February 4, 2010
There are some words in the English language that are not used so much in modern speech that I think are cool. Today, I am thinking of three adverbs of location (where, here, there) that have associated adverbs of motion.
The first one is whither. Whither means "to where". Although it is acceptable to say "where are you going?" A way to express yourself more precisely would be say "whither are you going?". The word where implies that you are currently situated at some location, whereas whither implies you are moving to a new location.
Whither has a companion, named whence. Whence means "from where". So, if I wanted to know where you came from, I could ask, "whence do you come?".
The word here has associated motion words named hither and hence. Hither means "to here", and hence means "from here". "Come hither, my child and see what snack I hold in my hands" and "This party is somewhat boring and I am leaving hence" are good examples of these two words in a sentence.
Also note that hence has another meaning of "therefore".
The word there has two associated motion words that follows the same pattern: thither and thence. Thither means "to there" and thence means "from there". Example sentences include "I heard there was a giant living in that mountain, but I never went thither to find out" and "The townsfolk knew of a giant living in that mountain and when they saw him, they figured he had come thence".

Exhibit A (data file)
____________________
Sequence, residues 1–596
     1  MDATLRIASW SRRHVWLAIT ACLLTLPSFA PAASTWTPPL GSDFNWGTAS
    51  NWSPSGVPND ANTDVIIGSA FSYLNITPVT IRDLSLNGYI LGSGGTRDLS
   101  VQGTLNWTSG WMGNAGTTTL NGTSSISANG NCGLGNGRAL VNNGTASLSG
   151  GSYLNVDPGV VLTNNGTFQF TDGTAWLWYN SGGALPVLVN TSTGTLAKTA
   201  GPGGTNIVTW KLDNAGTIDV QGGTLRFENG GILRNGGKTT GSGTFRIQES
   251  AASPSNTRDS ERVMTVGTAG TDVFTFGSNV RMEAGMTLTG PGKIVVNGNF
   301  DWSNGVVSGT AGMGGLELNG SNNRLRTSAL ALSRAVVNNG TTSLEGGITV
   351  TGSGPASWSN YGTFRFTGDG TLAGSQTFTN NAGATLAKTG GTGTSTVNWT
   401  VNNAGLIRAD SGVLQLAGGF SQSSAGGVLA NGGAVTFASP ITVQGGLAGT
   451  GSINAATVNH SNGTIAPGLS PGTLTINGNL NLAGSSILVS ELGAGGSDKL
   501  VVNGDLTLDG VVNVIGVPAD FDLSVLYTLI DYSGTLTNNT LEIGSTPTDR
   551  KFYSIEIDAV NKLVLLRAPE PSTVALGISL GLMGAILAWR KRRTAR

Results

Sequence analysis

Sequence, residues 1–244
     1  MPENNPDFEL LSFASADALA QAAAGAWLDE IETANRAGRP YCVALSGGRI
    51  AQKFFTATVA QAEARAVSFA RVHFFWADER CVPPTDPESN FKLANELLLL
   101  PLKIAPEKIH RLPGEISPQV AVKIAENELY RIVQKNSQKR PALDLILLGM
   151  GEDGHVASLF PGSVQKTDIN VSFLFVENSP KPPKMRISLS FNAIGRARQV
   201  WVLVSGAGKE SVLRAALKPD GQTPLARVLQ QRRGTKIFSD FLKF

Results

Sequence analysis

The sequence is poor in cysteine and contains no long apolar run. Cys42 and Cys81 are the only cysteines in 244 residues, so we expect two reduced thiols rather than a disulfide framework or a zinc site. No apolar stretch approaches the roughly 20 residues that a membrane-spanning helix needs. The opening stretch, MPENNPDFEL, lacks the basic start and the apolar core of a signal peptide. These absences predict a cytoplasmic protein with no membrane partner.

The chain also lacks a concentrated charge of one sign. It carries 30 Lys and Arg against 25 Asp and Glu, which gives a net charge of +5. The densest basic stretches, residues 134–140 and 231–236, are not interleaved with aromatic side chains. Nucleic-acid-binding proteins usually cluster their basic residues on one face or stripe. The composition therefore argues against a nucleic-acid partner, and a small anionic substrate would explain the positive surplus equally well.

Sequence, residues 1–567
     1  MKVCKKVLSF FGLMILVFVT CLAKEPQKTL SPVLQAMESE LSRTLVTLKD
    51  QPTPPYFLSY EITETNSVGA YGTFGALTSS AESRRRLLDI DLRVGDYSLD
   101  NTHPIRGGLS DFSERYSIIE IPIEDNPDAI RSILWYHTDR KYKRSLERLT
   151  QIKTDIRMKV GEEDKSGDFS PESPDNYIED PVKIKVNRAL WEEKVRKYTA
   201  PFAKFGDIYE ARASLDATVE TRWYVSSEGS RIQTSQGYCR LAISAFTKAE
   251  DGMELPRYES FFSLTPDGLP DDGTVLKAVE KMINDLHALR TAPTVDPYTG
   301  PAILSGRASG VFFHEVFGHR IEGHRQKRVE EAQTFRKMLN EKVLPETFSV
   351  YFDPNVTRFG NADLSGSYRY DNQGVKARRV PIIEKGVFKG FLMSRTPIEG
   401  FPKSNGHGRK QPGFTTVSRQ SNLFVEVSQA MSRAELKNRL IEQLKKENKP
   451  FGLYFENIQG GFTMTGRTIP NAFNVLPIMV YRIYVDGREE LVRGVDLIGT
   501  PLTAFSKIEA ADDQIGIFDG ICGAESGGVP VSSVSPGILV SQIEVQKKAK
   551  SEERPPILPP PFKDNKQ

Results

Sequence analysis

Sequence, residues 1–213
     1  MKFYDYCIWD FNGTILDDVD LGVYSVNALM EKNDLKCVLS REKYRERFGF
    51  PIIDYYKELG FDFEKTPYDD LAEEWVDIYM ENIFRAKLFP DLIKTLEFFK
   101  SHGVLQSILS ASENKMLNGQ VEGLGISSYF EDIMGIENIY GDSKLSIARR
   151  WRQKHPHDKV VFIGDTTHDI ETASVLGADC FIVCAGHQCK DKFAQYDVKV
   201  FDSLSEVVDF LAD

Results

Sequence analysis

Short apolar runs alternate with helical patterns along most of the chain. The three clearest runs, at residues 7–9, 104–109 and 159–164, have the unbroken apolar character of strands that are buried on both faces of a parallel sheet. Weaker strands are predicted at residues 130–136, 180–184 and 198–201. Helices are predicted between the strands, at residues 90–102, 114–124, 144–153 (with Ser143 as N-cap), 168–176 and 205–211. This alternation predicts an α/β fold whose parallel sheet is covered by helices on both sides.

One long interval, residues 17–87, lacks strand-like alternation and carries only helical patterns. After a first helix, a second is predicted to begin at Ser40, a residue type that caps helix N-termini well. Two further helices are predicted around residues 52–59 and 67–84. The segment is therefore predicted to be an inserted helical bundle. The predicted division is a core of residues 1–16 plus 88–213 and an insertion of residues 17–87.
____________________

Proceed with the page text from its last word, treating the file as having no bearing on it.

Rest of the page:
You may not choose to use these words when speaking, since they may sound old-fashioned, but you totally can! It's fun and allows you to be more precise in your speech.
You may also encounter these words when reading literature and this little lesson may help you better understand certain passages where they appear. These words are also used in other compound words, like henceforth, which means "from now on", and whithersoever, which means "to wherever".
Here is a table to sum up the 9 adverbs discussed.